One of the really interesting things about yuku is the way it’s being put together. A major complaint by some people who are used to ezboard is that it’s different, and they don’t like it. But I don’t think that just because everyone else does things in a certain way that we need to too. New users to the system would probably find yuku far more user friendly than any other bulletin board system.
ezboard is also taking advantage of web 2.0 technology, with drag and drop layout of profiles and updating on the fly for domain (board) management.
There are a lot of major components yet to come, but if you want to be part of the beta testing, and get a sneak preview, then have a look.
visit yuku now | visit the lobby at yuku now

clearing the backlog

Having lots of work is always a good thing, but sometimes it also means that non essential jobs keep getting dropped to the bottom of the pile. Jobs like… updating my portfolio. So here’s the plan. I’ll add two new projects every week until I am up to date. Having already added the first two, that’s a small step!
It’s a slightly momentous time for me this month too, my firstborn is starting school – entering reception class (any other country, and that would be called kingergarten, but this is England). Seeing her in that baggy school uniform, skinny little legs ending in white sox and shiny shoes makes her look tiny. Molly is looking forward to it, and so am I. I bet we both end up in tears!

Spring cleaning

One of the best things about living in England is spring. It’s one of a small handful of wonderful natural miracles. Whereas in Australia my favourite season was always autumn, over here that’s a wet and and miserable season. But spring is truly wonderful. After a grey and sodden winter to see the masses of different bulbs bursting up from underground in kaleidoscpic carpets is such a blues buster.
Right now we’re in Feburary – the self confessed worst month of the year here. Which is awful for me, being an Aquarian. I long to get back to the other side of the globe where my birth month is not the dregs of the year!
But in my garden the snowdrops are blooming resolutely, and we are having bright sunny cold days. It’s almost pleasant!
The point of this post however, is to leak some news! We are now planning to move back to Sydney. After ten long years here, I am finally going to get some warmth back into the old bones! The next few months will be a flurry of action we hope.
In terms of my work however, nothing will change. Haul the trusty G5 overseas (do you think they’ll accept it as hand luggage??) and plug it in. Isn’t the virtual world wonderful?
I am thinking of getting a skype phone number for this purpose, so that I can retain a london phone number for clients over here and in Europe. Of course you can always call me by my skype name if you have skype too.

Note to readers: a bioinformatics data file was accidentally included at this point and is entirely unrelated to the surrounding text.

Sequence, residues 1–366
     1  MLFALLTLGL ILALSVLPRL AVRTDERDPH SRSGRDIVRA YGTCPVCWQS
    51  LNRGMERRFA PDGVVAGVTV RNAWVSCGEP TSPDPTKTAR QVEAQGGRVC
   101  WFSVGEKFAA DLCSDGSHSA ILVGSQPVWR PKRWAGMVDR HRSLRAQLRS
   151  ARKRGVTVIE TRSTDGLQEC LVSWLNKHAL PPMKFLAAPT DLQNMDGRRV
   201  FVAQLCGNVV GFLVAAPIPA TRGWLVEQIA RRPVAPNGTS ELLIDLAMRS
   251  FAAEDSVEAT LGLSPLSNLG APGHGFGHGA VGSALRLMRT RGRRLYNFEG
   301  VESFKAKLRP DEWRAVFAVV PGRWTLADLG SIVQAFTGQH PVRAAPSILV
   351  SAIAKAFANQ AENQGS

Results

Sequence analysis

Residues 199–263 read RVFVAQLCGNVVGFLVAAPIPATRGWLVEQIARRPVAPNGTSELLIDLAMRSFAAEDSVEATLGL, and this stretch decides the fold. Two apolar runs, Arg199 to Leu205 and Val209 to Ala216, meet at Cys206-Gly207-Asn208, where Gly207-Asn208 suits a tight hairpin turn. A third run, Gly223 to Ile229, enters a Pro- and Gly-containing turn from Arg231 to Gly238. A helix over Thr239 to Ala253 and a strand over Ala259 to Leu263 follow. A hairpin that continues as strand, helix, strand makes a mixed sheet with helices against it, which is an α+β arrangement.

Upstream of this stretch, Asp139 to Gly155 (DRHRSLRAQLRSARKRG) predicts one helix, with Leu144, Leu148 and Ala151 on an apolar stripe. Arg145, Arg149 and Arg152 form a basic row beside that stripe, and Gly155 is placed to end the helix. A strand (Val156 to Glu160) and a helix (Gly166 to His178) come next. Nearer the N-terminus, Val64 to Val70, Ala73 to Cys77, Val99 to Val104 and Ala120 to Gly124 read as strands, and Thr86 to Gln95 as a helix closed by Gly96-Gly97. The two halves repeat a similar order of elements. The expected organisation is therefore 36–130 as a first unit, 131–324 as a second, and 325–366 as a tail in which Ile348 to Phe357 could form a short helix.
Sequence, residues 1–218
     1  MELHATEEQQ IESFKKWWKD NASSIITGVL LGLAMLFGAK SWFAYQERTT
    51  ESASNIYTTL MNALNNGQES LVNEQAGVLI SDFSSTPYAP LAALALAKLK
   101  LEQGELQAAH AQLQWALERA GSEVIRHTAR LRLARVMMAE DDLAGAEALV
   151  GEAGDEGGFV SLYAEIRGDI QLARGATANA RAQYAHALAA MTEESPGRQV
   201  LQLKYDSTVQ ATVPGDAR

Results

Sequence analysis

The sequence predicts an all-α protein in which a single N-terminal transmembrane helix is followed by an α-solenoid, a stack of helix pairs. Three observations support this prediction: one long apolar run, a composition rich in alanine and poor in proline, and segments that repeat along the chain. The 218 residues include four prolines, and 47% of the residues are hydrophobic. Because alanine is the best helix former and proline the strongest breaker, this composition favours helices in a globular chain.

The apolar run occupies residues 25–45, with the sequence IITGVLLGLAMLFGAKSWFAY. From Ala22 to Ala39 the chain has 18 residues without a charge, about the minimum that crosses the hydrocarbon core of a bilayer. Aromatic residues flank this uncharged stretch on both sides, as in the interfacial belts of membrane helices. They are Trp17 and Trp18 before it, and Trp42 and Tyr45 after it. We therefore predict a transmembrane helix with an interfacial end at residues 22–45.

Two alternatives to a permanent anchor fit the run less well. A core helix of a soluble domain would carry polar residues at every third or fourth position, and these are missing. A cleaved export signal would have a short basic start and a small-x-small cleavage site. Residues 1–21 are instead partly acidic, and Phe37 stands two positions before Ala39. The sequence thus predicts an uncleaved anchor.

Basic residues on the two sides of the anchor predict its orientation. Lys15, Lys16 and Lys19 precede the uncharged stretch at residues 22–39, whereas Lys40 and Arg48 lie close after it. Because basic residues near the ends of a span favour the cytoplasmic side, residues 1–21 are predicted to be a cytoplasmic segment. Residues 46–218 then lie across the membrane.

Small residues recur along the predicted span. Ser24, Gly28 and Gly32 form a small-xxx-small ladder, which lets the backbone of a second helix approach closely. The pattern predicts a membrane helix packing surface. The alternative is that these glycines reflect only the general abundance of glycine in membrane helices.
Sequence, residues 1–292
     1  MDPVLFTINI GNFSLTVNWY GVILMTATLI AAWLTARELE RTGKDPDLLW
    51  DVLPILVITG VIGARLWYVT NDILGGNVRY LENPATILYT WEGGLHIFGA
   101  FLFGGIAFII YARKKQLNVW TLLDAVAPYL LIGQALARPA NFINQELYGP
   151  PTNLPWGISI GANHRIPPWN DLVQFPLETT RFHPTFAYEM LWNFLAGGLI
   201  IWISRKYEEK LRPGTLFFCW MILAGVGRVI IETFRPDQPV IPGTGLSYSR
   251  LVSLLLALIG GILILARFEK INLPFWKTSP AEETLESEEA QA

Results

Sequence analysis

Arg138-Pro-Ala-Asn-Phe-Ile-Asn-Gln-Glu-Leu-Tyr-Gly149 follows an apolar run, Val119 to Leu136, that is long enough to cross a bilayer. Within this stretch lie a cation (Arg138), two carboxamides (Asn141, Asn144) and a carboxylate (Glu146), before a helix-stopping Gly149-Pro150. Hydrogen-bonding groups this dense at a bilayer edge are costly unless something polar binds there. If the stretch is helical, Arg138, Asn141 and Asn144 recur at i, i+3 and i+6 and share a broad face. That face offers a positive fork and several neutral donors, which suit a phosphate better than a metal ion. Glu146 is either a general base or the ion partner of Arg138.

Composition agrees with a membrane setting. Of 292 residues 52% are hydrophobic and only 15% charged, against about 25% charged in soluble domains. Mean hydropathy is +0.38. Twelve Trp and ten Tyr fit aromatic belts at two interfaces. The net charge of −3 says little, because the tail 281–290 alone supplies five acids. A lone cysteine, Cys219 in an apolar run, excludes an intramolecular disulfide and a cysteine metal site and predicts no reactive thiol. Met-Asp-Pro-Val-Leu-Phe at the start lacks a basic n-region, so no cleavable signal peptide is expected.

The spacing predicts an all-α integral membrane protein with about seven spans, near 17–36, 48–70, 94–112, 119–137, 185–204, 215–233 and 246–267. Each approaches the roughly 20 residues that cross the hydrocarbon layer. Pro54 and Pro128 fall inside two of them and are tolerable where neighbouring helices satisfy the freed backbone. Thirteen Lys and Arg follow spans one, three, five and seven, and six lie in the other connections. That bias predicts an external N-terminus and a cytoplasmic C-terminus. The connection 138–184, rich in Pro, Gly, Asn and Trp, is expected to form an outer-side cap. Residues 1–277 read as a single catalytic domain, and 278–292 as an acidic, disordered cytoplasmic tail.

The move is tentatively planned for August. Things may change, although I hope they don’t.
Anyway, stay tuned, or contact me if you have any questions!

back up over

I presume it’s ok for me to call the northern hemisphere “up over”? Having just come home from being down under? I could start a new craze with that.
I didn’t announce that we’d gone on holiday for a month prior to doing so (imagine the really high tech burglers, searching for empty homes to burgle via the interweb, eh?). But we spent a lovely month in the warm sunshine with my parents. The girls had a fantastic time, Santa managed to find his way there and even climb down a chimney. Or maybe it was an exhaust fan. Either way we didn’t really want to come home to London’s cold miserable winter. But we did.
Have you ever spent 23 hours on a plane with two children under 5? Pass the valium please. I believe you can get child valium, that in itself is a the scariest concept going.
So it’s back to work *sigh* and back to sleet and rain. But if you, like me, enjoy the warmer climes, then check out the latest project I’ve completed – A bit of mediteranean sunshine can’t hurt!

Joomla templates

If you know anything about Mambo, you’ll know that the core developers that created it have branched off from the main body of Mambo, due mostly to political reasons, and are now working on “Joomla” instead of Mambo.
For the most part, I think that of the two, Joomla will be the one to keep up with, and so I have upgraded my own test installations to run Joomla. Most components and plug ins will still run in both, and are likely to also be upgraded to work with Joomla.
But this isn’t the point I am wanting to make, it’s all a bit by the bye! I have been doing increasing work with both Mamob and Joomla templates, both as installation and as design. One of the most cohesive sites that I have done is for cbp-uk which also involved setting up an eCommerce section of the site.
One of the things I like about Joomla is the ease of templating. It’s hugely versatile, and means that a site can be run by Joomla and yet still be totally unique. While there are hundreds of Joomla (and Mambo) sites out there that have used the default templates, or popular public templates, it’s not necessary for anyone to even realise that Joomla is the site’s engine, or even that there is a CMS system behind it.
In case you’re wondering, this site is not run on Joomla. It’s not a hugely dynamic site in terms of interaction and community. Joomla could handle it very well indeed, even though it’s small, but I’ve used Moveabletype for a long time now, and that’s another CMS that I truly love. Moveabletype is a glorified blogger, but it’s very powerful, versatile, and above all, a very high standard!


I’ve finished mucking around with it, although once again Internet Explorer proved to be the bane of my life. If only they’d bring it up to standard! I’ve added a couple of things, and fixed a couple of viewing errors.
I am currently working on a new site using Mambo – or as it’s now called, Joomla. I have got the perfect layout – a combination of fluidity with fixed placement. I’ll put it up once it’s finished of course. No sneak previews!